Found 24 Results
Page 2 of 2

School Transportation Policies in Detroit

A patchwork of different school transportation policies exist in Detroit, with some schools offering traditional school busing, some offering shuttle-style buses, some offering subsidized public transportation, and many offering no transportation at all. This report documents the available school-based transportation for Detroit students in DPSCD and charter schools.

Attendance Throughout the Seasons in the Detroit Schools Community District

This study examines how changes in the seasons relate to student absenteeism in Detroit. The probability that a student will miss school was lowest in the Fall, higher in Winter and Spring, and the highest in Summer (June), with exceptionally high rates of absence in the last two weeks of school. Nearly 4,000 DPSCD students (about 7%) reached the threshold for chronic absence in the last two weeks of the school year. Heavy precipitation in the Winter was associated with a 5% increase in the probability that a student would be absent, but the effect of precipitation in the Fall and Spring was minimal. Weather had a stronger affect on chronically absent students than non-chronically absent students.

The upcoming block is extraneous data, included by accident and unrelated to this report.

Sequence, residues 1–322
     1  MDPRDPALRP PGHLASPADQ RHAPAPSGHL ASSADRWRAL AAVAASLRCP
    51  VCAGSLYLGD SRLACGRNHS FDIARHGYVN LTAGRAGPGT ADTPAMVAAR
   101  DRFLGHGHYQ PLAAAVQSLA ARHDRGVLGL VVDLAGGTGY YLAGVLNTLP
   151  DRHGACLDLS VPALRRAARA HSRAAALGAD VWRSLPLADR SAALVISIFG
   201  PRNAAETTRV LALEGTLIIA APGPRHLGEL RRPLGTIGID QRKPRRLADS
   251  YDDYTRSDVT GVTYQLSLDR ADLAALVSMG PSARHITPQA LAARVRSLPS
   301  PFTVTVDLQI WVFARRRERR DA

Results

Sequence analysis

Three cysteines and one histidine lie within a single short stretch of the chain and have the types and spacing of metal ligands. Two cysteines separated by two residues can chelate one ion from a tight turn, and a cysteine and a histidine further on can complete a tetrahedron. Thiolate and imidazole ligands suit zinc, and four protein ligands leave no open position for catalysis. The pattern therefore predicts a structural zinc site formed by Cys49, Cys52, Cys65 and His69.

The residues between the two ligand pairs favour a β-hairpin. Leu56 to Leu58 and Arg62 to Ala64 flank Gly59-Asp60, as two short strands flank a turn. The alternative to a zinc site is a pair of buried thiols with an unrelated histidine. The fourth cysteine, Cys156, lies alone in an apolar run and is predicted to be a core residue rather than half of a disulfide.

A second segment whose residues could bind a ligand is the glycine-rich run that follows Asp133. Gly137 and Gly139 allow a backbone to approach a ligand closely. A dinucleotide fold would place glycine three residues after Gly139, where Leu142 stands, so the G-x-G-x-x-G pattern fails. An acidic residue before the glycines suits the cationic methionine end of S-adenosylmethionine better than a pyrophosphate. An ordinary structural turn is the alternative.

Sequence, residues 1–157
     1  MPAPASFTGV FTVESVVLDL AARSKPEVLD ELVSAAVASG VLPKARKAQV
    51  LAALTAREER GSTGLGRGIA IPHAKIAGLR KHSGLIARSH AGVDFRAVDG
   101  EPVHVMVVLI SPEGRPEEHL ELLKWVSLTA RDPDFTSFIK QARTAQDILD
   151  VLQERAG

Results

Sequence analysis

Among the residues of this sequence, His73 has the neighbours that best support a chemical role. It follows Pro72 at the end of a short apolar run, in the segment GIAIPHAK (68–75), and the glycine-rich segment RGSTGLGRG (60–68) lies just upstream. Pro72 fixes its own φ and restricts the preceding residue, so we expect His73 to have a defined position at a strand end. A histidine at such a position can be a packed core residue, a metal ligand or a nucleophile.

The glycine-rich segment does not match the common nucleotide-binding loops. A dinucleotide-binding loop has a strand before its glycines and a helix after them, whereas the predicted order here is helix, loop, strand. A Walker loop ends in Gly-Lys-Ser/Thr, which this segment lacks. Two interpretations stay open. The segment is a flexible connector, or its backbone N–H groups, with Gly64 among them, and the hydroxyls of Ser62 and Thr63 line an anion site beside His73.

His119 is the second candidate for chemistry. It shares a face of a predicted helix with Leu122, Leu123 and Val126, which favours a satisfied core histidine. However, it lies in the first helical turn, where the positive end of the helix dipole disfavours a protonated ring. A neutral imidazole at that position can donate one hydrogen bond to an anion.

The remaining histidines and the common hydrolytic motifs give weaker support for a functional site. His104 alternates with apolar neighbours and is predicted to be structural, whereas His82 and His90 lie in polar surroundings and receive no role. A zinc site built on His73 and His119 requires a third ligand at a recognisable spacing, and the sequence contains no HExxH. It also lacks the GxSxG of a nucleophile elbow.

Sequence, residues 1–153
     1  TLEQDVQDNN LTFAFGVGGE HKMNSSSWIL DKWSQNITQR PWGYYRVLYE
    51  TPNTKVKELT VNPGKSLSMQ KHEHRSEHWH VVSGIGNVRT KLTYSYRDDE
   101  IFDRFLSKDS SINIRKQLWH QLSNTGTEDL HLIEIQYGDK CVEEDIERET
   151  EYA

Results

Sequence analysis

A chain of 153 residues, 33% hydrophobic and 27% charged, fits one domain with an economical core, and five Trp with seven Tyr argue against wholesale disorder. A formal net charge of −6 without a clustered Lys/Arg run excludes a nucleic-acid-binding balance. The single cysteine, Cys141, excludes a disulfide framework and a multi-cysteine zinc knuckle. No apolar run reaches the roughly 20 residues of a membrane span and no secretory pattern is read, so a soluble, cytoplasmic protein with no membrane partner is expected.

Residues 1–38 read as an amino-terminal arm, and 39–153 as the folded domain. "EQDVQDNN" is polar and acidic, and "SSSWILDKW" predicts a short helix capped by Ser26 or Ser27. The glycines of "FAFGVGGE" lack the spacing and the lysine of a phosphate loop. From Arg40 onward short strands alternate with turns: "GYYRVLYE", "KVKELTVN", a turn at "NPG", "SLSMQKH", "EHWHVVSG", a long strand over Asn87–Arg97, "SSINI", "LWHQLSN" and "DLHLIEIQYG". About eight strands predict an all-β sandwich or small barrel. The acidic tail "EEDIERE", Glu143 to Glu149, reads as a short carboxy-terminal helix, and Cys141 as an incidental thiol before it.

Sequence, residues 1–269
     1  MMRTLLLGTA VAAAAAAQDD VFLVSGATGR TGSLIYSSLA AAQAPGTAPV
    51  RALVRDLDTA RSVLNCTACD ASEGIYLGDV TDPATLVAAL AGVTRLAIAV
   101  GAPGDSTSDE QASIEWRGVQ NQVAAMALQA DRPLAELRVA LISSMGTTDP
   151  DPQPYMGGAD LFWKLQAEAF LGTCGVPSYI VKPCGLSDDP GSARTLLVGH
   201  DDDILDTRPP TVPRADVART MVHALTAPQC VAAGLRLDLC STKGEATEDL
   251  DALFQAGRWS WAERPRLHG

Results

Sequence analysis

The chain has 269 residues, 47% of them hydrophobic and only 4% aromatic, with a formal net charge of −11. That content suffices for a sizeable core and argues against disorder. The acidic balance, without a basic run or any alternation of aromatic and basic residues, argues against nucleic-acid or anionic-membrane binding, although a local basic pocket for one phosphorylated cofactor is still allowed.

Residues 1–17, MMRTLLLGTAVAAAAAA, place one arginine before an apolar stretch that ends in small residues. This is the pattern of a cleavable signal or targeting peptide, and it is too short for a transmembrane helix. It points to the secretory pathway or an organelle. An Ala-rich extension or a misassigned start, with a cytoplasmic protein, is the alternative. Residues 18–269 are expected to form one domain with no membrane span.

Detroit’s Uniquely Challenging Context for Student Attendance

Nationwide, long-term population change, asthma rates, poverty and unemployment rates, residential vacancy rates, violent crime rates, average monthly temperature, and racial segregation for a city’s greater metropolitan area are all significantly correlated with city-wide rates of chronic absenteeism. Detroit has the highest chronic absenteeism rate in the country (about 50%), and it has a uniquely challenging context for student attendance. Among cities with 500,000 or more residents, Detroit has the highest adult asthma rate (14%), unemployment rate (about 20%), poverty rate (about 38%), violent crime rate (about 20 per 1,000 people), and residential vacancy rate (27%). In addition, it has the greatest population loss since 1970 (about 50% decline), one of the lowest average monthly temperatures (about 49° F), and is among the most segregated major metropolitan areas in the country.